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MPA vs. MBA: Which Degree Is Best for Your Career Path?

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While both an MBA and MPA focus on management skills and crucial business knowledge, they have two separate and distinct career outcomes.

For those who want to become managers and leaders, a master’s degree can equip them with the knowledge, skill sets and career opportunities to make major impacts in their fields.

Still, many are torn between pursuing two possible degree paths: a Master of Business Administration (MBA) or a Master of Public Administration (MPA).

Both programs focus on management skills as well as crucial aspects of business — such as finance, organizational behavior and strategy — but ultimately, they have two distinct aims and outcomes.

To get a better sense of how an MPA can support your career goals or whether an MBA is the right choice for your next step, we spoke with experts from the USC Price School of Public Policy and USC Marshall School of Business.

What Do You Learn in an MPA Program?

Individuals seeking a master’s degree in public administration typically aspire to address widespread societal challenges.

“In the study of public administration, we help people to learn ways of thinking about public problems, the nature of public problems and how we can find ways of solving them,” explained Yan Tang, chair of the Department of Public Policy and Management.

While these issues are usually tackled through proposing and enacting policies, that doesn’t necessarily mean someone studying public administration needs to chase a position in the White House.

“It’s not just working in the federal government to solve those problems. We have close to 90,000 different government entities in the U.S., including the federal, state, city, county, special district and school district levels,” he expanded.

Those who do not work directly within government agencies may instead find roles at nonprofit organizations or corporations dedicated to influencing policy outcomes.

“Some of our students do go into the private sector, but usually their primary goal is to work in a way that affects public affairs. Most students are interested in organizations, whether public, non-profit or private, that operate in the public affairs field, focusing on issues like the environment, social policy or social welfare issues,” added Juliet Ann Musso, USC Price vice dean for graduate programs and MPA program director.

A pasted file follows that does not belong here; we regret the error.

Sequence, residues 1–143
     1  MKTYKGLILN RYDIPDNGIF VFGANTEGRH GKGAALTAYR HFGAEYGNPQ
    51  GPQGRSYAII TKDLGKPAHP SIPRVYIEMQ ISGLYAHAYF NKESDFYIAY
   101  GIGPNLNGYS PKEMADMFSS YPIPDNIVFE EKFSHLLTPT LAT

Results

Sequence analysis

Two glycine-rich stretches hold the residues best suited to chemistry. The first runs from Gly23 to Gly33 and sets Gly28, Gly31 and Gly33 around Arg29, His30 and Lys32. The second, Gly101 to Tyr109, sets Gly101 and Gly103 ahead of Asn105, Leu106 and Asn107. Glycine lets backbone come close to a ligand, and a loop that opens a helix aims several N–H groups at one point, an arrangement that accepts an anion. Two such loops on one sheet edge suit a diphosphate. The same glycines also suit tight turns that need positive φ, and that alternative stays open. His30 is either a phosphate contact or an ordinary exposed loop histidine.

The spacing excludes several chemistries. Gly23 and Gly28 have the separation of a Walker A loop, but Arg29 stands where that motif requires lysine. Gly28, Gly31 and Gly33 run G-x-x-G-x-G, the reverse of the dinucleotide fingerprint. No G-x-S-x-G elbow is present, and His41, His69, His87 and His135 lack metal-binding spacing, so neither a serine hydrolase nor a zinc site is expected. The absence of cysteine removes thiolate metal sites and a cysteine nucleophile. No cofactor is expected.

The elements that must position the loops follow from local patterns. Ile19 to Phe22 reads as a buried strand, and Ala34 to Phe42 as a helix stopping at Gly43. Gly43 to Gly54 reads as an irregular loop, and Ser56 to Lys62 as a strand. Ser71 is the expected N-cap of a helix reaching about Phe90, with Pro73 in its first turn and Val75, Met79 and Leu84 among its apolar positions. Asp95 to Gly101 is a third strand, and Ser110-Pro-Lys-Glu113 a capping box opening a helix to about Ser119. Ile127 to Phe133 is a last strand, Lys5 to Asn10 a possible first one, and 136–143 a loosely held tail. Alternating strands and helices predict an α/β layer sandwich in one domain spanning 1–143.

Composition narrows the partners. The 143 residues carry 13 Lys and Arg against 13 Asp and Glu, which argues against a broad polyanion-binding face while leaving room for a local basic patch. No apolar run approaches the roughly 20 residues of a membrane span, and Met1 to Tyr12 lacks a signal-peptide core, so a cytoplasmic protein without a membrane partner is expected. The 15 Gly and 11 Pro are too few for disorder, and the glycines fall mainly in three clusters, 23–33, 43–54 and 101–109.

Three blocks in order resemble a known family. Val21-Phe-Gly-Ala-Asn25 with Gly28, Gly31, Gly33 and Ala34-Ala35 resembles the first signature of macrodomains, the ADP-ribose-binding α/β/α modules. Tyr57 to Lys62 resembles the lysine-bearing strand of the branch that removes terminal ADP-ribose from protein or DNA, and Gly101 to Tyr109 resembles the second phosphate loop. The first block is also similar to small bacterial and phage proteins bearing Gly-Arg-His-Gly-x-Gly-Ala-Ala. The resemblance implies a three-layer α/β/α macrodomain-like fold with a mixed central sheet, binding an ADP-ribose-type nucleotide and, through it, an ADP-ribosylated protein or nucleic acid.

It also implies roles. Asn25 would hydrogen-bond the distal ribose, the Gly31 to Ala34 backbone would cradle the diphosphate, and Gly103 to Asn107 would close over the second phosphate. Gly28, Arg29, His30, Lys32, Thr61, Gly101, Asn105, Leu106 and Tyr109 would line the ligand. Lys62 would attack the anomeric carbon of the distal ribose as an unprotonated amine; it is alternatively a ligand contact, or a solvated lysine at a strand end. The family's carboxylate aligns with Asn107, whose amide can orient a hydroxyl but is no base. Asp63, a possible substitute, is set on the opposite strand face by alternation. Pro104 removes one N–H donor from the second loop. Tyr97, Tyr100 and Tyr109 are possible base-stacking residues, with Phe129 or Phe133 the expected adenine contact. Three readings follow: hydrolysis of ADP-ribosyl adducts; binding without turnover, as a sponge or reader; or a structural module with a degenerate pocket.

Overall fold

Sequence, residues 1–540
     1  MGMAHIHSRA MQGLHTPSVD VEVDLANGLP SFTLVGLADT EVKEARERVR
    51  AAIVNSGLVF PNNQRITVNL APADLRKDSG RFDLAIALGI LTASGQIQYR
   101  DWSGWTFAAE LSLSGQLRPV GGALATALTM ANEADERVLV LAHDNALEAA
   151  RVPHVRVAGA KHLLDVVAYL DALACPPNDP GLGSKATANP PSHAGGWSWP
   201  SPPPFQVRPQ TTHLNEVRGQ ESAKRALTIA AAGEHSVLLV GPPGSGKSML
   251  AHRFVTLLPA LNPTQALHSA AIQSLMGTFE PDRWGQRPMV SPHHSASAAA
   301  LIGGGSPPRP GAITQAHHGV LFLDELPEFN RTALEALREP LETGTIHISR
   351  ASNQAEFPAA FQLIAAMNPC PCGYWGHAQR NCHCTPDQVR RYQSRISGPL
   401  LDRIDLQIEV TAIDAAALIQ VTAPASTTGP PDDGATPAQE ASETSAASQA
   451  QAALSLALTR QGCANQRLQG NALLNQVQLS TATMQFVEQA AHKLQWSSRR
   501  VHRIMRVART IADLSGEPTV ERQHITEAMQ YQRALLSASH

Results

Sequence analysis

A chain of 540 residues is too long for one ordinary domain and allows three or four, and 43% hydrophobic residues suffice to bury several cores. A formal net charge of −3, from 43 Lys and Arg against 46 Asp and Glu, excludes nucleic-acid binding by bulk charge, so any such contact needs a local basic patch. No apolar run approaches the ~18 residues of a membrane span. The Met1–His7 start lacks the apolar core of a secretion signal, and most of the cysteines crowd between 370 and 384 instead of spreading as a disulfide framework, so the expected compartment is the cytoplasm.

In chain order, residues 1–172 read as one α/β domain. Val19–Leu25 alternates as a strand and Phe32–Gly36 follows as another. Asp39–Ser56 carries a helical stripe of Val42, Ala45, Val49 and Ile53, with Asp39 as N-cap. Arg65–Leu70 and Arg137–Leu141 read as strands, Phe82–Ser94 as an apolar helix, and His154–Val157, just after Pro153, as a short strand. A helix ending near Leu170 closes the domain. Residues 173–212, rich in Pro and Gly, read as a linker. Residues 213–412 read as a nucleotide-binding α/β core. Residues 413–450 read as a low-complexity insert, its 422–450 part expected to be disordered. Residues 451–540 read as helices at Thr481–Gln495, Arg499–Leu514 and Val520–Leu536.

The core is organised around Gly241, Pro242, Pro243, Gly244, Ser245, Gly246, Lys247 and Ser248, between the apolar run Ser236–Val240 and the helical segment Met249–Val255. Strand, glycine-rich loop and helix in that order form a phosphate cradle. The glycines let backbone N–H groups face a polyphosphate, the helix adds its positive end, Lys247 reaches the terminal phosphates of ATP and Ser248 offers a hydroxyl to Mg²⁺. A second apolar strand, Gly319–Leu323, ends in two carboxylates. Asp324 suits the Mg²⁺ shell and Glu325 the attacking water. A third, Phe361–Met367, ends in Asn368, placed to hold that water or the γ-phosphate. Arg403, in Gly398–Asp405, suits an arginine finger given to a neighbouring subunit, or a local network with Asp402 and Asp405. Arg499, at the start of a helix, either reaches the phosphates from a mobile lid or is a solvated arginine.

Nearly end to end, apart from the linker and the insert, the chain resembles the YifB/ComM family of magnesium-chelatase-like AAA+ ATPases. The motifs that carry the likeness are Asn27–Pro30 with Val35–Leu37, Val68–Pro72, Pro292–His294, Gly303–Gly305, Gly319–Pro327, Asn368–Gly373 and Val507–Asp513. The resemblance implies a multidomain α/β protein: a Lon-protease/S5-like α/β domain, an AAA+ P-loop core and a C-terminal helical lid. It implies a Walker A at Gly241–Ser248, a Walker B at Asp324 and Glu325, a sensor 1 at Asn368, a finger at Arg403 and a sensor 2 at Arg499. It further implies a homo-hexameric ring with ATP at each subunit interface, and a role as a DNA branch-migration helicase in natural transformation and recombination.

Those who study in the online MPA program at USC Price can expect to take classes like “Fundamentals of Public Administration,” “Economics for Public Policy” and “Public Financial Management and Budgeting.”

Networking and real-world experience are also key themes in the program, all of which culminate in the program’s capstone, where students consult with senior decision-makers from local and state government, nonprofit organizations, criminal justice, federal agencies, private sector firms and key public sector service providers.

Upon completion of an MPA program, students successfully develop their leadership acumen, gain insights into the ethical considerations with policymaking, and grasp other important facets of government administration and public services. Plus, if you are seeking to enter the field of public administration, you will need to get a master’s degree in order to qualify for the majority of positions, Tang said.

“Basically, everybody in the field has a master’s degree now. So even if it doesn’t say you need it to get the job, you’ll want it because the hiring managers look for it since it’s so standard. It’s not on paper required, but it’s expected,” he explained.

Musso agreed that the master’s degree is essentially a prerequisite for securing employment, adding that the program also truly prepares individuals to thrive in the field.

“There are skills that one learns in a master’s degree program that can be difficult to learn on the job. Think financial analysis and other analytic skills, for example, including higher level writing and research skills. It’s not necessarily something that you can get through on-the-job training, so it helps sharpen your skill set and provide higher-level skills that make you more effective,” Musso said.

What Do You Learn in an MBA Program?

In an MBA program, students will focus on learning about business strategy and operations to thrive in the private sector.